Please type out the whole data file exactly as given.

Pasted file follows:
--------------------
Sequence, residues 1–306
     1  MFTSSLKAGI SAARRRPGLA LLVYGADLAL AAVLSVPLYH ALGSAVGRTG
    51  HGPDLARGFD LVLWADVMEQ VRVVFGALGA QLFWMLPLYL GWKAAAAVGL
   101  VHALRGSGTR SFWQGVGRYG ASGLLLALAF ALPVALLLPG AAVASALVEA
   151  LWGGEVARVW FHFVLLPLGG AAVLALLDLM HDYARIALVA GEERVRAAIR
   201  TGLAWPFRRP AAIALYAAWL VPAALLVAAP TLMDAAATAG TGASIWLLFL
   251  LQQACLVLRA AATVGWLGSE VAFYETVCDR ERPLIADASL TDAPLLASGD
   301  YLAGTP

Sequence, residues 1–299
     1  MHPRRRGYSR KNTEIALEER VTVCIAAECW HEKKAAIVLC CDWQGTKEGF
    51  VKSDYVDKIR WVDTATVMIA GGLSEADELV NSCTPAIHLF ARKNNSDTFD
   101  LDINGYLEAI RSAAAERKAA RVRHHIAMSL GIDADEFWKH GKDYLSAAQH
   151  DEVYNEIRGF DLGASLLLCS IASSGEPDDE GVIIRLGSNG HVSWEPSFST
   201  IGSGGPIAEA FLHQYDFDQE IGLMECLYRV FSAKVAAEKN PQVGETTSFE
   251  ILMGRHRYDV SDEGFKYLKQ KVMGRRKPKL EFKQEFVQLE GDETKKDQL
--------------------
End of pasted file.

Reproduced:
Sequence, residues 1–306
     1  MFTSSLKAGI SAARRRPGLA LLVYGADLAL AAVLSVPLYH ALGSAVGRTG
    51  HGPDLARGFD LVLWADVMEQ VRVVFGALGA QLFWMLPLYL GWKAAAAVGL
   101  VHALRGSGTR SFWQGVGRYG ASGLLLALAF ALPVALLLPG AAVASALVEA
   151  LWGGEVARVW FHFVLLPLGG AAVLALLDLM HDYARIALVA GEERVRAAIR
   201  TGLAWPFRRP AAIALYAAWL VPAALLVAAP TLMDAAATAG TGASIWLLFL
   251  LQQACLVLRA AATVGWLGSE VAFYETVCDR ERPLIADASL TDAPLLASGD
   301  YLAGTP

Sequence, residues 1–299
     1  MHPRRRGYSR KNTEIALEER VTVCIAAECW HEKKAAIVLC CDWQGTKEGF
    51  VKSDYVDKIR WVDTATVMIA GGLSEADELV NSCTPAIHLF ARKNNSDTFD
   101  LDINGYLEAI RSAAAERKAA RVRHHIAMSL GIDADEFWKH GKDYLSAAQH
   151  DEVYNEIRGF DLGASLLLCS IASSGEPDDE GVIIRLGSNG HVSWEPSFST
   201  IGSGGPIAEA FLHQYDFDQE IGLMECLYRV FSAKVAAEKN PQVGETTSFE
   251  ILMGRHRYDV SDEGFKYLKQ KVMGRRKPKL EFKQEFVQLE GDETKKDQL